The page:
Cars On The Road Are Older Than Ever Before

Industry News / 3 Comments

Covid, computer chips and changing demands have played the biggest role in aging our collective fleet.

As used car prices skyrocket, the average age of vehicles on the road has increased to 12.1 years, according to a study from IHS Markit. Normally, such an event would make the average age decline, but with few miles traveled, and less vehicle sales last year, it had the opposite effect. That average has been rising for a few years. In 2020 the average was 11.9 years and the previous it was 11.8.

Obviously, the pandemic was a big factor here. More people were working from home, which meant less miles driven. IHS reports that between 2019 and 2020, driving miles were down 13%. There was also an increase in vehicle scrappage, meaning there were people with sitting cars that finally decided to put them up for sale. Cars exiting the market saw the highest volume in two decades at over 15 million units.

"Typically, an increase in scrappage rate would be expected to be a headwind to average age, but coupled with the lower new vehicle sales and reduced vehicle miles traveled, the combined impact proved to be a tailwind," says IHS.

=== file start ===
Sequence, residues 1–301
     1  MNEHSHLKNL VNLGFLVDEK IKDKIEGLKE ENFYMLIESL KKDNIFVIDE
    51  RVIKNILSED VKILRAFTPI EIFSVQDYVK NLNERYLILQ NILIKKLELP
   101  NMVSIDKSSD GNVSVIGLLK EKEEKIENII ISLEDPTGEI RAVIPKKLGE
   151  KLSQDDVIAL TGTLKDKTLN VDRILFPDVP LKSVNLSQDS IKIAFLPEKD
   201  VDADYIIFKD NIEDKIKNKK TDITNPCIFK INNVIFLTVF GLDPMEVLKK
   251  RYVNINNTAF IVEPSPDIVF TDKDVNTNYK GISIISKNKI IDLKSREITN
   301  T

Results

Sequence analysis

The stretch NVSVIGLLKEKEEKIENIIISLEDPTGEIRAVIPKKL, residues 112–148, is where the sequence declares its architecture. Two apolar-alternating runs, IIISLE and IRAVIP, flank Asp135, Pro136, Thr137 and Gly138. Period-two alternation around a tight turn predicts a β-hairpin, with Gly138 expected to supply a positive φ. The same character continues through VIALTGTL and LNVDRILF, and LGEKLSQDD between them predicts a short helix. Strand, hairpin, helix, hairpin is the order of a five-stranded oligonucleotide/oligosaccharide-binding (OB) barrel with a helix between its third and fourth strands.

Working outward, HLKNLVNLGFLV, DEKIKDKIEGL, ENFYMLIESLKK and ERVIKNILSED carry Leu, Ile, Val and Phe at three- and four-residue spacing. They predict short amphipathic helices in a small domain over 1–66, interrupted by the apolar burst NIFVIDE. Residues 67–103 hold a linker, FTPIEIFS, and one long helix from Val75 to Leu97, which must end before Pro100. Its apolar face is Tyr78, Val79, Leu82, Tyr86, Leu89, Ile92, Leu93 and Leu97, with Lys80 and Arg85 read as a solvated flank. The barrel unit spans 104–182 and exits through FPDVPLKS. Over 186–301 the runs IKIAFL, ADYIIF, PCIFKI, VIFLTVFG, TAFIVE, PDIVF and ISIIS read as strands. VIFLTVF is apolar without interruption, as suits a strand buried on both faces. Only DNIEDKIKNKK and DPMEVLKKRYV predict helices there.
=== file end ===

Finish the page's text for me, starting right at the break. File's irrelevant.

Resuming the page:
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The used car market also played a part. As new car sales have dried up due to the chip shortage and increased demand (especially with popular vehicles like the Ford F-150), used car prices have hit all-time highs, almost forcing people to sell. But with used car prices so high, it's also harder to buy. Honestly, we even looked up a few prices for our own cars, and one of us actually decided to sell.

"The microchip shortage and subsequent inventory levels for new vehicles have created a situation in which used vehicle values have gotten extremely high, so a vehicle owner who may have kept a vehicle in the garage that they were not using in 2020, now instead may take advantage of the opportunity to either reduce the number of vehicles in their garage, or trade up to something newer while the demand and value is extremely high on their used vehicle," said Todd Campau, associate director of aftermarket solutions at IHS Markit, in a press release.


Don't expect this trend to last. The chip shortage will continue, but IHS expects light vehicle sales to bounce back to 16.8 million units. Also, some vehicle owners have let their registrations lapse over the past 16 months, because their vehicle were not being driven.

"This is great news for the aftermarket as subsequent vehicle owners typically have a higher propensity to use independent repair shops for necessary maintenance and repair," said Campau.

The number of vehicles in operation is also down, from 281 million to 279 million. That means there is going to be growth in the aftermarket, as those older vehicles aged 6-11 years start to need repairs and upgrades.

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